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Families First Coronavirus Response Act: What you need to know

Families First Coronavirus Response Act - california employment lawyer - sherman law corporation

The Families First Coronavirus Act (“FFCRA”), which requires some employers to provide paid sick leave or expanded family and medical leave, goes into effect TODAY, April 1, 2020. But there are still many people who have questions about what that means for their businesses. The Department of Labor first released a set of answers to frequently asked questions about the FFCRA on March 24, and a second set of answers on March 26. 

This blog goes through that second set of answers to help business owners understand the changes that FFCRA will now put into place, including how to document leave, teleworking, health coverage during leave, and more.

The Department of Labor (“DOL”) Released a Second Set of Frequently Asked Questions on the Families First Coronavirus Act (“FFCRA”)

On Thursday, March 26, 2020, The Department of Labor (“DOL”) Released Second Set of Frequently Asked Questions on the Families First Coronavirus Act (“FFCRA”) which follow the first set of questions released on March 24, 2020.  The FFCRA will go into effect on April 1, 2020 – not April 2, 2020 as we expected initially by the language of the bill which stated by April 2, 2020. 

Requesting and Documenting Leave: The DOL explains that employees must support leave requests with appropriate information, including the employee’s name, qualifying reason for leave, a statement that the employee is unable to work or telework for that reason, and leave date(s).

Employees must provide documentation supporting the absence. This means a copy of the quarantine or isolation order, or written documentation from a health care provider advising self-quarantine. For employees using leave to care for a child, examples of supporting documentation include a notice posted on a government, school, or day care website, or published in a newspaper, or an email from an employee or official of the school, place of care, or childcare provider.

The DOL recommends that employers keep this documentation if they will seek tax credits for providing paid leave. The DOL points employers to consult Internal Revenue Service (IRS) applicable forms, instructions, and information for the process they will need to follow to claim this 

tax credit, including any necessary supporting documentation.

Definition of “Unable” to Work or Telework: The DOL explains that being “unable” to work or telework means that an employer has work available, but one of the specified paid reasons for leave under the FFCRA prevents the employee from being able to do so.  

If an employer offers the ability to work the same number of hours per day but different hours, the employee is able to work and leave is unnecessary, unless:

 1) the reason for leave prevents the employee from working that schedule; 

2) the employee has a qualifying paid sick leave absence; or 

3) the employee cannot telework due to the need to care for a child. However, it is important to understand that if an employee can telework while caring for the child, leave is unavailable.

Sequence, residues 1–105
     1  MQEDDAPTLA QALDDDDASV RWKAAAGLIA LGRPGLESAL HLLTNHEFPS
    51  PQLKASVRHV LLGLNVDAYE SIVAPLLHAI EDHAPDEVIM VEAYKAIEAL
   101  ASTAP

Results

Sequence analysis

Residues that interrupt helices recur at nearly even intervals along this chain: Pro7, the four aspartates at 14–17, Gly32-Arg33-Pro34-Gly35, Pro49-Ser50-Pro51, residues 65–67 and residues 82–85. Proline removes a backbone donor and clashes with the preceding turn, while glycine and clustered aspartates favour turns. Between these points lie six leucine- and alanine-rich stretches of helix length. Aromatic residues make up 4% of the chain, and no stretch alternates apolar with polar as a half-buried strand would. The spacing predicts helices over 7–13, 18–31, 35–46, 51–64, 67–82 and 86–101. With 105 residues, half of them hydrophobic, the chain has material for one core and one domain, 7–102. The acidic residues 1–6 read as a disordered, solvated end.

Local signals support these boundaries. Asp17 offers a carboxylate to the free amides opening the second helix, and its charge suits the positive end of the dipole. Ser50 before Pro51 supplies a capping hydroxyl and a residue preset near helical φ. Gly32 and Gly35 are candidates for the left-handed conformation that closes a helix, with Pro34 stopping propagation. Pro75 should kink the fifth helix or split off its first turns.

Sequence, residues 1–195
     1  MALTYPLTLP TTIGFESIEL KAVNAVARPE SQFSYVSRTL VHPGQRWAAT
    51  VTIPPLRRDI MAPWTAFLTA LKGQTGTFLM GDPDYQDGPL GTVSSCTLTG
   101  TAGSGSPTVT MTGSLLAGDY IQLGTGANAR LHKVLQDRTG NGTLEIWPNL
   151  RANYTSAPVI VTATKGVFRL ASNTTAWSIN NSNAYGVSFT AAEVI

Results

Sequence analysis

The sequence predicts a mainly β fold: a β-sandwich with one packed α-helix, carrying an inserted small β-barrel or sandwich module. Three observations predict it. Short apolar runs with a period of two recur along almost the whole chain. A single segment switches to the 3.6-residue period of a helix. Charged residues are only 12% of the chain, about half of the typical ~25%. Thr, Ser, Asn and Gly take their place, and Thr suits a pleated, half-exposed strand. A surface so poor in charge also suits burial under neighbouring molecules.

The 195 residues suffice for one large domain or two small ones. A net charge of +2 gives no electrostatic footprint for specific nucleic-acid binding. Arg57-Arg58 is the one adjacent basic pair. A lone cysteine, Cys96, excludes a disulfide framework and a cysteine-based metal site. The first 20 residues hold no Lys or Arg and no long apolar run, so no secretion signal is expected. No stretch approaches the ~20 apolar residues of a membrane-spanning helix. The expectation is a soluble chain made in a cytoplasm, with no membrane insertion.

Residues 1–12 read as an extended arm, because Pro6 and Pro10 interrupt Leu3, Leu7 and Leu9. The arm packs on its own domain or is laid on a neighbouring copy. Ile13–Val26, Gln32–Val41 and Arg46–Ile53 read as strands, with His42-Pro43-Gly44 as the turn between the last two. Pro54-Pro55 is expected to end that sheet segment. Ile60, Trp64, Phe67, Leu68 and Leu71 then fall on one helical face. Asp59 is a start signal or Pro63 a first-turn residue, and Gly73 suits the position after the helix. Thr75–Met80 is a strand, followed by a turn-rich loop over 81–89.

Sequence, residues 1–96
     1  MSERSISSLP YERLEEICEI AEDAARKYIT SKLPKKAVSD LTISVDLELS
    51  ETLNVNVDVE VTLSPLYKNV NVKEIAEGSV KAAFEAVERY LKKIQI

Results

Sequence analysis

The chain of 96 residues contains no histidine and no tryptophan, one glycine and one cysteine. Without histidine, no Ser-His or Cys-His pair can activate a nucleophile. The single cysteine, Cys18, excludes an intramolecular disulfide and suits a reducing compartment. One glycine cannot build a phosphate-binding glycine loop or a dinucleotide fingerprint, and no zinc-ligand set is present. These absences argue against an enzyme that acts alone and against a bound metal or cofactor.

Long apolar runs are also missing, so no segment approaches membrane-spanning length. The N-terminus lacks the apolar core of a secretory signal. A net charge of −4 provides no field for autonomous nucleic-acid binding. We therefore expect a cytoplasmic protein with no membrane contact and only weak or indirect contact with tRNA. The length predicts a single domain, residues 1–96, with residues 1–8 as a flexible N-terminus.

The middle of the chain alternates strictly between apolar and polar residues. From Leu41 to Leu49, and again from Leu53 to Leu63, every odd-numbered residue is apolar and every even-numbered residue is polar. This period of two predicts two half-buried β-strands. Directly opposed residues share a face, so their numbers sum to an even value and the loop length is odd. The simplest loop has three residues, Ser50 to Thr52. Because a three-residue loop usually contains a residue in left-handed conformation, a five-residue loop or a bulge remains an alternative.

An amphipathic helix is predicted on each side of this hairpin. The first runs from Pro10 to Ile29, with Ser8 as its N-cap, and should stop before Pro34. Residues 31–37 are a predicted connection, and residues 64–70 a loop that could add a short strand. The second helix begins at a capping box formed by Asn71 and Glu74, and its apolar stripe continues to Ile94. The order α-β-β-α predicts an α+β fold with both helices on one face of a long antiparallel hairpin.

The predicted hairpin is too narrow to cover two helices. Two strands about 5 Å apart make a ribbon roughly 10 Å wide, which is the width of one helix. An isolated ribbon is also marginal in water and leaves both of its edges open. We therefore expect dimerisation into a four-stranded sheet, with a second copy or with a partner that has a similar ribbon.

Intermittent and Incremental Use at Employer’s Discretion: The DOL provides generally that employees and employers may agree to intermittent and incremental use of emergency paid sick leave (“EPSL”) and emergency paid Family and Medical Leave benefits (“EFMLA”), but then divides the remaining guidance depending on whether the employee is teleworking, or working onsite. 

Teleworking: For employees who are teleworking, whether taking time off under EPSL or EFMLA, employer and employee may agree to intermittent leave for any of the covered reasons.  

Working Onsite: For employees who are working on the employer’s premises, intermittent EPSL is only permitted for employees who are taking leave for school closures or childcare unavailability, but again, only if the employer agrees. 

Employees taking EPSL for one of the other five reasons under the Act must take such leave in full-day increments. This is because the intent of the FFCRA is to prevent employees who may be ill or caring for those who are ill from possibly spreading the virus to other individuals in the workplace.

Worksite Closing Forecloses Leave Availability: The DOL states that if the worksite closes, employees do not receive, or continue to receive, FFCRA leave. It does not matter whether: 1) the closure occurs before or after the law takes effect; 2) an employee is on leave when closure occurs; 3) an employer furloughs an employee; 4) the worksite temporarily closes and the employer says it will reopen in the future. This is true whether the worksite closes for lack of business or per a federal, state, or local directive. If this occurs, an employee’s only recourse is to seek unemployment benefits.

Shelter-in-Place and Business Closure Orders Do Not Likely Support the Need for EPSL: Although it did not carve out a specific question for these types of orders, the DOL appears ready to deny EPSL to those covered by these sweeping orders. 

In FAQ #27, the DOL states: